The Armour of The Cultured Man
“In the morning, the day we were to leave, I had been dressed as finely as if I were to be photographed, I had been given a new hat and a velvet jacket,” writes Marcel Proust in In Search of Lost Time from the early 1900s.
In his work, velvet or corduroy becomes a noble textile.
Oscar Wilde, his contemporary, also had a weakness for the textile. Wilde wore fancy velvet in protest against the dominant dark garments, he declared.
Later, many other artists, intellectuals, and indeed those with aspirations to be something in the world of culture, were to be attracted to the textile.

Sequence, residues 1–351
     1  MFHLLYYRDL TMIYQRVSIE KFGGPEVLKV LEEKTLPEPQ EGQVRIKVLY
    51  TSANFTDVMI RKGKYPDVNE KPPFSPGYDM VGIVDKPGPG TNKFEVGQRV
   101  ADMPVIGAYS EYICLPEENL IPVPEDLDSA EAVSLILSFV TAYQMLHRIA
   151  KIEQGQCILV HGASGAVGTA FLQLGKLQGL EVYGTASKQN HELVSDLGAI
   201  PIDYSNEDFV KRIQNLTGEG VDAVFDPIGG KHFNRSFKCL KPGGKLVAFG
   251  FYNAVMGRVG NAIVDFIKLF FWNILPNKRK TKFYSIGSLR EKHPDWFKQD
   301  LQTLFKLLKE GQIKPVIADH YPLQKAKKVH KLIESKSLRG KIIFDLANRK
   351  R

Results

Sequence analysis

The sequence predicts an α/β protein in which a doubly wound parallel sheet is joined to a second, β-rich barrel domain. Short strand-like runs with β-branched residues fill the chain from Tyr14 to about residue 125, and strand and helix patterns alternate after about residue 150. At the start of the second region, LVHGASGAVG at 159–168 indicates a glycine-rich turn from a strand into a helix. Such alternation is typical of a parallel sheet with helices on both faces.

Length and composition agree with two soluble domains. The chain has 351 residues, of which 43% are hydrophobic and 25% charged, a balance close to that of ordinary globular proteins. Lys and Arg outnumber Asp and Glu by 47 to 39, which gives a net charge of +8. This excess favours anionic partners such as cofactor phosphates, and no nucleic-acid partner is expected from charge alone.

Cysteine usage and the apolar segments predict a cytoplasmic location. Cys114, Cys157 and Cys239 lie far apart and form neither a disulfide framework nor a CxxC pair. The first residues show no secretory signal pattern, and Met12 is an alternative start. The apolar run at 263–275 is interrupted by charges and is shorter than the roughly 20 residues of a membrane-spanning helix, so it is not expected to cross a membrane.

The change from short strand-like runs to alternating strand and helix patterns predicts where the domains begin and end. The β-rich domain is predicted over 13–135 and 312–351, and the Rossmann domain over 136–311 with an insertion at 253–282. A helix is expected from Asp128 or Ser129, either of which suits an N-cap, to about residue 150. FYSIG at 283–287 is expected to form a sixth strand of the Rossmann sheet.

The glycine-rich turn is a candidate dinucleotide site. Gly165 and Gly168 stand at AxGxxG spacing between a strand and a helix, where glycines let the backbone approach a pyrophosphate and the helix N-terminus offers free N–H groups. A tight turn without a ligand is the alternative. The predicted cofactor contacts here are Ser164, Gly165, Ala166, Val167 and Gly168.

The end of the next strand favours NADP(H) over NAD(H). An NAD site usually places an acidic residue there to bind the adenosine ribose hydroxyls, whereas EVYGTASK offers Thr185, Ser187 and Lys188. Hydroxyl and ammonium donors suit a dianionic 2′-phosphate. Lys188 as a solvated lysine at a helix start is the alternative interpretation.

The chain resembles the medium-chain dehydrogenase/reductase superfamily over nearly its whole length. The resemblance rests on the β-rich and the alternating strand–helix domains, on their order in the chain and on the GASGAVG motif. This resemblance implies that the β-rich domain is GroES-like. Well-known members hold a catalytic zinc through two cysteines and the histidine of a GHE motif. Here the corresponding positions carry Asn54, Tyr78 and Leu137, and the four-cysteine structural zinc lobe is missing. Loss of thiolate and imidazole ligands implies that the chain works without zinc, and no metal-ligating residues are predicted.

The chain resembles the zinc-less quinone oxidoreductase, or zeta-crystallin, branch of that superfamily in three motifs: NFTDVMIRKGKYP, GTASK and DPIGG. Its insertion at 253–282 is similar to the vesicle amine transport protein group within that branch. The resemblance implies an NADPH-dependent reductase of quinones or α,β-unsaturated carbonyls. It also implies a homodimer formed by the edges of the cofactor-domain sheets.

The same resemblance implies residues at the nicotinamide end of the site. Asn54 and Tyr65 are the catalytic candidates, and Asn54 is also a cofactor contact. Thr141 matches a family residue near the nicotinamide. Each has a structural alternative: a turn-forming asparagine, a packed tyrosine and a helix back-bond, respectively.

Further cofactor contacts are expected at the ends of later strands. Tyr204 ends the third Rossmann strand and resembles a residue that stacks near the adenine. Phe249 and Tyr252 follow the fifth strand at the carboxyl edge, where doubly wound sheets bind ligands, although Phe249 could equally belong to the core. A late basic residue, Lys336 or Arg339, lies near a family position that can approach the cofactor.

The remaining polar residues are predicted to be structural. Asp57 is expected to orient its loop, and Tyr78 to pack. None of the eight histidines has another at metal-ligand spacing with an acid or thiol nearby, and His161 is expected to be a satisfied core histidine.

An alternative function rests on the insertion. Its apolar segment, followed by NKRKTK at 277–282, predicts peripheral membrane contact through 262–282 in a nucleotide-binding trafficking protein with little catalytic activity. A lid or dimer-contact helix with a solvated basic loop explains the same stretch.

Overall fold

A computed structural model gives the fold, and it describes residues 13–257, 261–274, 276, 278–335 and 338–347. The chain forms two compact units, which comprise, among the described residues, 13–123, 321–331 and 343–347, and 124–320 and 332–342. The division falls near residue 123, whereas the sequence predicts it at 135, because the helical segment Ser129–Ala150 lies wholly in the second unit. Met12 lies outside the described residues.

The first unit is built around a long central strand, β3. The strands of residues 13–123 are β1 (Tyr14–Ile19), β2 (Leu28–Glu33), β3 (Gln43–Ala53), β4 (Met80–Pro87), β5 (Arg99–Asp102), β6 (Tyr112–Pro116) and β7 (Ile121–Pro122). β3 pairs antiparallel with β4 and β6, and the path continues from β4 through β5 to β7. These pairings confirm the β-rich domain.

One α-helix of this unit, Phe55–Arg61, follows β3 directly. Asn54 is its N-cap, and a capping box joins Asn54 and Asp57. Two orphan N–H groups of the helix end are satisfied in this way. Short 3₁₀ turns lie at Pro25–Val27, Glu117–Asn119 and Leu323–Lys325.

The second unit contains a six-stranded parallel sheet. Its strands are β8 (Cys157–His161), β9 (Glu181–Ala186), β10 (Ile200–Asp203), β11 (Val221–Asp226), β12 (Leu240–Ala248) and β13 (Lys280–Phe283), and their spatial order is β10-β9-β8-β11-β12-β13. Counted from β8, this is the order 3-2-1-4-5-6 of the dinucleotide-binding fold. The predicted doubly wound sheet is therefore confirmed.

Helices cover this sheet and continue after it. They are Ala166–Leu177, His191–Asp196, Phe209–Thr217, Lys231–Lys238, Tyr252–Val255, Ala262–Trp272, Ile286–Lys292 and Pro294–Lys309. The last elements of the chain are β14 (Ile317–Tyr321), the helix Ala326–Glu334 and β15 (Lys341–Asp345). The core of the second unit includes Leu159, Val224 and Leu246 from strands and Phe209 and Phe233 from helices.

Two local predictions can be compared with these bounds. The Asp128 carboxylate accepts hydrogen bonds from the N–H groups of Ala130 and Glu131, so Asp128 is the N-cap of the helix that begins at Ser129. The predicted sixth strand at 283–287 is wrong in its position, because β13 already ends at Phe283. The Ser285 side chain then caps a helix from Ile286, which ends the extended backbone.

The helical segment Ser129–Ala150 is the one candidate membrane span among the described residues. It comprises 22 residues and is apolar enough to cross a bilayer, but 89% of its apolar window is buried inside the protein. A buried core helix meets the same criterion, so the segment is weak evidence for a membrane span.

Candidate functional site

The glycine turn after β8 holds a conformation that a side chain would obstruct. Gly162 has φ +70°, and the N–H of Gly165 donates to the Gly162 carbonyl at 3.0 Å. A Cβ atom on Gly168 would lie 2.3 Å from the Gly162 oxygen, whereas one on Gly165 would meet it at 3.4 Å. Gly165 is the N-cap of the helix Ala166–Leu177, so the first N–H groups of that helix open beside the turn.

Woody Allen uses the symbolic power of corduroy, when he dresses a leading man (and himself) in corduroy. Wes Anderson, who is an auteur like Woody Allen, is also a real velvet man. The textile, whether ribbed or with a plush finish, has become a stylistic signature for him.
As for the photo, I’m wearing slack jacket and trousers from heavy corduroy. On my feet a pair of bespoke Vienna shoes.